Trees, shrubs, woody climbers, or herbs, sometimes epiphytic, sometimes with axillary spines or tendrils. Leaves opposite, occasionally alternate, rarely verticillate, fasciculate, or in a whorl; stipules usually present, often reduced to lines connecting petiole bases, sometimes reduced to petiolar ocrea or a connate leaf-sheath; leaf blade usually entire, pinnately veined or 3--7-veined from base. Flowers in cymes, these often grouped into thyrses; cymes sometimes umbel-like, scorpioid or reduced to a single flower; bracts usually small. Flowers usually bisexual. Calyx 4- or 5-lobed; lobes free or connate, mostly persistent, imbricate or valvate. Corolla sympetalous; lobes 4 or 5(--16), valvate, imbricate or contorted in bud. Stamens inserted on corolla, included to exserted, equal in number to corolla lobes and alternating with them or sometimes fewer; filaments free, much shorter to much longer than anthers; anthers basifixed, 2--4-locular, dehiscing introrsely or extrorsely by longitudinal slits, base slightly to deeply parted. Disc ring-shaped or not. Ovary superior or rarely semi-inferior, (1- or)2(--4)-locular, placentation axillary or parietal; ovules 1 to many per locule. Style simple, terminal, persistent or deciduous; stigma usually capitate, entire or shortly 2--4-cleft. Fruit a capsule, berry, or drupe, 1- to many-seeded. Seeds sometimes winged; endosperm fleshy or horny; embryo minute, straight; cotyledons small.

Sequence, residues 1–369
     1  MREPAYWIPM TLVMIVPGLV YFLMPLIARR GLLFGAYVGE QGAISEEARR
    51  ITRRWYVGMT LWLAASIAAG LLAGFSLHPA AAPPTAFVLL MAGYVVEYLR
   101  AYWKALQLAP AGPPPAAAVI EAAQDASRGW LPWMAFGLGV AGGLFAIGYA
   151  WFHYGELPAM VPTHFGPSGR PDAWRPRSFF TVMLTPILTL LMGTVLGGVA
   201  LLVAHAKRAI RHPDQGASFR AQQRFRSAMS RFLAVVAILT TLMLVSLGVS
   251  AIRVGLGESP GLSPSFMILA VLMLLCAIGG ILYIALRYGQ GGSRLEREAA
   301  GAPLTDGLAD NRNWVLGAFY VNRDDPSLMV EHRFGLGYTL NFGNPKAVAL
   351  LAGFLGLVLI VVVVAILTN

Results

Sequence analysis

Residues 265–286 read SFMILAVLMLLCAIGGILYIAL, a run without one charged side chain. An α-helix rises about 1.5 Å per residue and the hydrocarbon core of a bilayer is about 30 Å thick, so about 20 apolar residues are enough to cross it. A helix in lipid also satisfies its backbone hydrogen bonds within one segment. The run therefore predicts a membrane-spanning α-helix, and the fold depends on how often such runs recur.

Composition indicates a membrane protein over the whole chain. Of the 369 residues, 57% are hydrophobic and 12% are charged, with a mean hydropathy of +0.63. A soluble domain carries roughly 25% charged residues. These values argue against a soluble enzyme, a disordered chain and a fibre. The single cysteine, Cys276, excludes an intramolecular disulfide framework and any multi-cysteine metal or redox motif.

Some 29 genera and about 500 species: mainly in tropical and subtropical regions of the world, absent from Europe; eight genera and 45 species (ten endemic) in China.
Li Ping-tao in Chang Mei-chen & Qiu Lian-qing, eds. 1992. Loganiaceae. Fl. Reipubl. Popularis Sin. 61: 223-309.